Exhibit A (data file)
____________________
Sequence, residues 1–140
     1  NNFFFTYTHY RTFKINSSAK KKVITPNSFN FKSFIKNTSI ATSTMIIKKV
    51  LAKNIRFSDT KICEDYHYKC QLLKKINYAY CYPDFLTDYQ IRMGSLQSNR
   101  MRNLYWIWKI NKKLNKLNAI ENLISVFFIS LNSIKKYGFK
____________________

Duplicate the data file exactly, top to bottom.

Sequence, residues 1–140
     1  NNFFFTYTHY RTFKINSSAK KKVITPNSFN FKSFIKNTSI ATSTMIIKKV
    51  LAKNIRFSDT KICEDYHYKC QLLKKINYAY CYPDFLTDYQ IRMGSLQSNR
   101  MRNLYWIWKI NKKLNKLNAI ENLISVFFIS LNSIKKYGFK